• Karen Stenner — An Australian political scientist, Stenner is known for her cross-cultural research findings that show about a third (approximately 33%) of whites in a given population will tend to have authoritarian predispositions. Her work also shows the difference between authoritarian personalities, who have a great distaste for difference and diversity, and conservative mentalities, who have a significant aversion to change. Stenner posits authoritarianism as the result of a low tolerance for ambiguity, complexity, and — as a consequence — sociocultural diversity: “freedom feeds fear which undermines freedom, and democracy is its own undoing” (from her 2005 work The Authoritarian Dynamic).

More foundational thinkers

  • Czeslaw Milosz — Author of The Captive Mind (1953), the Lithuanian-born poet, writer, and activist grew up in Poland and lived through the German invasion and Soviet occupation there during and after World War II. In the book, he describes the psychological and social effects of living under Communism, with emphasis on the surprising complicity of many members of the Polish intellectual and creative class.
  • Vaclav Havel — A Czech playwright who became more politically active as a dissident after the Soviet invasion of Warsaw in 1968, Havel wrote The Power of the Powerless (1978) about his experiences living in the lies of a communist regime. He was a political prisoner under the anti-intellectualism of Soviet rule multiple times, once for as long as 4 years.
  • Viktor Frankl — Holocaust survivor Frankl was an Austrian psychiatrist and philosopher who chronicled his experiences in Nazi concentration camps, his observations about his fellow prisoners, the guards, and the psychology of Hitler’s murderous antisemitic regime more broadly. After being liberated from Auschwitz, having lost the rest of his family to the camps, he returned to Vienna to head a hospital neurological department and wrote Man’s Search for Meaning (1946) over the course of only 9 days. He went on to develop logotherapy, a branch of psychotherapy that places the search for life’s meaning at the center of human motivation, and laid the groundwork for the development of positive psychology.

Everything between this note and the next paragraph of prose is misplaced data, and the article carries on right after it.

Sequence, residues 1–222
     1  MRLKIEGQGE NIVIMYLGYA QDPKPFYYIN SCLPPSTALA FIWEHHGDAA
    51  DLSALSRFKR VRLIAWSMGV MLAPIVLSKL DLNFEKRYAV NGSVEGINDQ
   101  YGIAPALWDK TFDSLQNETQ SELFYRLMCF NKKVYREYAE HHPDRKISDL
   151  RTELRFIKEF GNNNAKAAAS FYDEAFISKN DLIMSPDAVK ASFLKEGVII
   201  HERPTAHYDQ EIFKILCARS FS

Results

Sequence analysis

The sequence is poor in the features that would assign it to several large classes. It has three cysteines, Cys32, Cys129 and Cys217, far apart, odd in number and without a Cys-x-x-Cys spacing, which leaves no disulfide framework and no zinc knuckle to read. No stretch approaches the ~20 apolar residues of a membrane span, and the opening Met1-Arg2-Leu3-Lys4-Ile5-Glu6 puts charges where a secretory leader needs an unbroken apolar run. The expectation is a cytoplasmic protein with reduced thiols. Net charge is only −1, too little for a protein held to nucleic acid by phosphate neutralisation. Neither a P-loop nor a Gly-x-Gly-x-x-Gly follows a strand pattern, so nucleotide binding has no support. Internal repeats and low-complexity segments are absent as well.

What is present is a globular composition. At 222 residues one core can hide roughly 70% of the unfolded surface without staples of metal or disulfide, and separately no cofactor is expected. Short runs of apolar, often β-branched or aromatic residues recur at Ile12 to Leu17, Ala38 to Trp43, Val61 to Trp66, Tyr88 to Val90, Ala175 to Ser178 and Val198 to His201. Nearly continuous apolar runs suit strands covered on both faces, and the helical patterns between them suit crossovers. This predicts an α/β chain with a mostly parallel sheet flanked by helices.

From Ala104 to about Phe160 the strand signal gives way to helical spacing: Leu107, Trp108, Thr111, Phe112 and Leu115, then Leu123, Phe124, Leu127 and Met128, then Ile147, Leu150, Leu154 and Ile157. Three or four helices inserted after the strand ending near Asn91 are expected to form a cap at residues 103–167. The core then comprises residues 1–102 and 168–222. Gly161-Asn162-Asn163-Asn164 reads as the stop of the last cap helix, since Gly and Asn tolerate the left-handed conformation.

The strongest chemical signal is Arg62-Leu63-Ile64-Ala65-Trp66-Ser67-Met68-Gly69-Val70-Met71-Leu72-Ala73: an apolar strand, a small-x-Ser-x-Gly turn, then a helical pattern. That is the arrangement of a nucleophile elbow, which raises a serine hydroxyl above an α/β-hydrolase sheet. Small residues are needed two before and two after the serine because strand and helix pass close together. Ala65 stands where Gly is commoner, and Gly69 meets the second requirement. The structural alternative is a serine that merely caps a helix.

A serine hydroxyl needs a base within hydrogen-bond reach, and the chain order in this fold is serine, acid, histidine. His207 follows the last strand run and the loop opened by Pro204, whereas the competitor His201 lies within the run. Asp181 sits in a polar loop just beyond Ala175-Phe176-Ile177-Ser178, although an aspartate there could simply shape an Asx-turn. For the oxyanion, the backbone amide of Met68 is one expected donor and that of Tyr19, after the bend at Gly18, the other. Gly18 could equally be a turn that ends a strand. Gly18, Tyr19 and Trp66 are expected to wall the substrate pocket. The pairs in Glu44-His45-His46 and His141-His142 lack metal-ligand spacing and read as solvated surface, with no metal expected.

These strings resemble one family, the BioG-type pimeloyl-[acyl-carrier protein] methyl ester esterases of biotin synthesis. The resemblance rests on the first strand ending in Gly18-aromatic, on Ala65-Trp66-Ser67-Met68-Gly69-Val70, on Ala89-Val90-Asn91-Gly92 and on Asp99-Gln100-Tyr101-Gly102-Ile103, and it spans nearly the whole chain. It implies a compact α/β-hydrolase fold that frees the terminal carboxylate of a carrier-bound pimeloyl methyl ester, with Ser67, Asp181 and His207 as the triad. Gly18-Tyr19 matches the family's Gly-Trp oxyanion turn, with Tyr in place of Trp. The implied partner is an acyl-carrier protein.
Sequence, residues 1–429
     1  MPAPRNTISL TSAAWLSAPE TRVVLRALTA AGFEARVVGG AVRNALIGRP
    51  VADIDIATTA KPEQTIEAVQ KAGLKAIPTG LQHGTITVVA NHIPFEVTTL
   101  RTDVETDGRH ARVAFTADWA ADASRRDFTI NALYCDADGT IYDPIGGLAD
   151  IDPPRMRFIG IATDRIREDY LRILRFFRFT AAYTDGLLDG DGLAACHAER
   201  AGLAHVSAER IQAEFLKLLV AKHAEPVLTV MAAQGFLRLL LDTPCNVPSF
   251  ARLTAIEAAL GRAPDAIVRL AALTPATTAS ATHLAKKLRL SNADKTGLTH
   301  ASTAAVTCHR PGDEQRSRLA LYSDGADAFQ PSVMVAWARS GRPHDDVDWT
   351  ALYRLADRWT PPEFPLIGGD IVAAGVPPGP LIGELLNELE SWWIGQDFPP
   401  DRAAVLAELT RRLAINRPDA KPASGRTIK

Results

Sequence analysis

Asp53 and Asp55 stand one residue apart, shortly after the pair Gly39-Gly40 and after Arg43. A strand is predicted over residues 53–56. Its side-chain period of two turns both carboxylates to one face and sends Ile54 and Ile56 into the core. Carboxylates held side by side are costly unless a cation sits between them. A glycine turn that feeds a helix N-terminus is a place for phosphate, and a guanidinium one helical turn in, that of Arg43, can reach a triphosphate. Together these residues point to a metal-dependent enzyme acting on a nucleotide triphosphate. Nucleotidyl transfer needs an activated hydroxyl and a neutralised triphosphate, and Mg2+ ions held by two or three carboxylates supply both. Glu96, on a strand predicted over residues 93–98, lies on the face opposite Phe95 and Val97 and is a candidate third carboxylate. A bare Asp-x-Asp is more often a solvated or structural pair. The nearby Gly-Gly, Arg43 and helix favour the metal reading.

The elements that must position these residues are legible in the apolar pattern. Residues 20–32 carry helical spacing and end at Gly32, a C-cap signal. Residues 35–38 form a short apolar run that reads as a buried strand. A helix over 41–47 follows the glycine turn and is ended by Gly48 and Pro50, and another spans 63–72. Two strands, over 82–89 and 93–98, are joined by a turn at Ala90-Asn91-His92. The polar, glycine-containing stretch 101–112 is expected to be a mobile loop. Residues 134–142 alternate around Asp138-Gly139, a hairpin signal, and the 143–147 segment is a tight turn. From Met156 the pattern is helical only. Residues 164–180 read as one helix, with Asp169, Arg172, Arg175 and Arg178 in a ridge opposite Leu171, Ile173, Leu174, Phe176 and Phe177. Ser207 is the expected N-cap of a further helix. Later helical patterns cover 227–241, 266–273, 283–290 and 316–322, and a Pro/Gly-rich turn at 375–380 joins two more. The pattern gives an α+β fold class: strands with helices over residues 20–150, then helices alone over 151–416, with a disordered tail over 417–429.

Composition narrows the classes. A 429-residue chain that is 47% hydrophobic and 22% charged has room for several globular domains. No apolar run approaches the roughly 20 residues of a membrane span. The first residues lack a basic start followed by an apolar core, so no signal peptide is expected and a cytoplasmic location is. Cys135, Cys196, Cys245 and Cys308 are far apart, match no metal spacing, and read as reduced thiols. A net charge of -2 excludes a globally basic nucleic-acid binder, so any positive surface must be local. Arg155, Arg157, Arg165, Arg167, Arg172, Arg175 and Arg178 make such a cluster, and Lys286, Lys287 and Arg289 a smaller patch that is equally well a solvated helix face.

• Herbert Marcuse — Another refugee intellectual with the Franklin School, Marcuse worked with the pre-CIA OSS to research and counteract Nazi propaganda.
  • George Orwell — The British author most synonymous with portraying the evils of totalitarianism through his two classic fiction works Animal Farm (1945) and 1984 (1949). To this day we use the term Orwellian to describe the creeping dread of a dystopian, all-powerful government pumping out lies and thought control.
  • Robert O. Paxton — Seminal work on the nature of fascism
  • Timothy Snyder — Yale professor and scholar of autocratic regimes
  • Masha Gessen — Russian-American journalist, author, and queer activist whose definitive biography of Vladimir Putin, The Man Without a Face (2013), is one of several must reads on the rise of Russia’s revanchism with the West.
  • George Lakoff — Linguist who analyzes political messaging and writes about the strict father vs. nurturing parent Manichaean struggle between conservative/authoritarian and liberal value systems. Lakoff stresses the counterintuitive finding that approximately 98% of our thinking is done unconsciously, and that we are driven by these unconscious thoughts and beliefs to a much larger extent than we are generally aware of.